When you’re one of 14, you can hide. When you’re one of two, you can’t. If Daley makes the runoff, he's going to get hammered over the $2 million he took from Ken Griffin, Illinois’s richest man. He'll also take heat for his own personal fortune as manager of a Swiss hedge fund, and for helping Bill Clinton pass the North American Free Trade agreement.

Still, Daley would be a formidable runoff candidate. He’s got money, and he can get more from his business and political connections. He was chief of staff for President Barack Obama, who earned some bad blood from Toni Preckwinkle when he was her state senator, and who might be persuaded to at least say something nice about his former employee. The Daleys did support Obama’s Senate run, if only to get him out of Chicago so he couldn’t run for mayor against them.

Daley is also the only white ethnic candidate among the contenders. To his own base in Bridgeport, he would add wealthy lakefront professionals who are going to miss Rahm Emanuel. If he runs against a Latino candidate, he’ll likely win the black vote; against a black candidate, the Latino vote.

Lori Lightfoot


Lightfoot has the Big Mo, with endorsements from former Cook County Clerk David Orr, Ald. Scott Waguespack, Congresswoman Robin Kelly, and the Sun-Times. A recent NBC5 poll showed her in second place, with 14 percent — one point behind Daley, and two points ahead of Preckwinkle. Also, every North Side leftist on my social media feeds seems to be voting for her.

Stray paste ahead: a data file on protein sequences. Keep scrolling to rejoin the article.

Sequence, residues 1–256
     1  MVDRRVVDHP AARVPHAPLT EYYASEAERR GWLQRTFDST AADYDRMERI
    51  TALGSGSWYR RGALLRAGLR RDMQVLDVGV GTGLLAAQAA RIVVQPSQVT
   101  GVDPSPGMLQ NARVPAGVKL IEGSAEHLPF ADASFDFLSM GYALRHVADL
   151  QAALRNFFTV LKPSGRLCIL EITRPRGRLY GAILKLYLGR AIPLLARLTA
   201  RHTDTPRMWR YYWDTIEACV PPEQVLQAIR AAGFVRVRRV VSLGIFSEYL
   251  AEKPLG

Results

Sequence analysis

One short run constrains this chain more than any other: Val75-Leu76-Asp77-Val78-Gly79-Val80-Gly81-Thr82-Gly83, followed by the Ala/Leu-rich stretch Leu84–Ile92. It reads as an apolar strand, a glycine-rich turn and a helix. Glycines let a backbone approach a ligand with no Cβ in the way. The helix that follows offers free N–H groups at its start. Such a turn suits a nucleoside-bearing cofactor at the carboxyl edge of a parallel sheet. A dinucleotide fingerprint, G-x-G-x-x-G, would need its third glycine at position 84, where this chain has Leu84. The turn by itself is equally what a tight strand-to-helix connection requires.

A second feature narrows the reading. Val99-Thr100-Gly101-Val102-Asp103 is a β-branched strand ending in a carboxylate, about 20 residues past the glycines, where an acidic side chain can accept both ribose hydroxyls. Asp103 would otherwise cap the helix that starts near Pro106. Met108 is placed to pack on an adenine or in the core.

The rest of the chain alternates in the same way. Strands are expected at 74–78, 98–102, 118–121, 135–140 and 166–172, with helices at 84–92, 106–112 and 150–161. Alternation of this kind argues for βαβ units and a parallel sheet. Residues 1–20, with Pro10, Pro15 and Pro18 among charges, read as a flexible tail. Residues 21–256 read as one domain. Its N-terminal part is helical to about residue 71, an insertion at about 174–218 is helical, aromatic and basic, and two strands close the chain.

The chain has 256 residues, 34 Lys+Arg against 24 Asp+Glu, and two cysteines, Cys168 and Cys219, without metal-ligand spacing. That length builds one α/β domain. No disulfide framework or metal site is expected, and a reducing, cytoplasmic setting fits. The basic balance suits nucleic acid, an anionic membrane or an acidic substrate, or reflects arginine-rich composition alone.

Lightfoot has this to say to dithering progressives: I’m more electable than Preckwinkle.

“They should vote for someone who can actually win,” she told me during a campaign stop in Andersonville. “Toni Preckwinkle, if she limps into the runoff, is going to get beaten badly by me or anybody else. She’s not a true progressive. People want change. If they vote for the same old same old, which is what the Burke Four represent, they won’t get it.”

Lightfoot might actually be Preckwinkle’s toughest runoff opponent, because so many of her voters are prepared to switch to Preckwinkle in the second round. Obviously, if she makes it, they won’t.

Another of Lightfoot’s advantages: she is the only viable candidate who has never done business with Ed Burke. Her biggest liability is that she’s raised less than $1 million, but if she makes the runoff, money will follow.

Susana Mendoza


Mendoza’s runoff chances depend on who she draws as an opponent. If she faces a black candidate, she’ll have to add to her coalition of Latino voters with white ethnic voters. Mendoza is the favorite of the trade unions, so that’s a natural coalition for her.

If she draws Bill Daley, Mendoza will have to pursue the votes of white progressives, who may be turned off by her moderate stance on certain issues and the fact that she was married in the home of her mentor, Ed Burke. Mendoza and Preckwinkle seem to despise each other, so a runoff between those two would be a spectacle.

Gery Chico

5 GERY CHICO ↓ (3)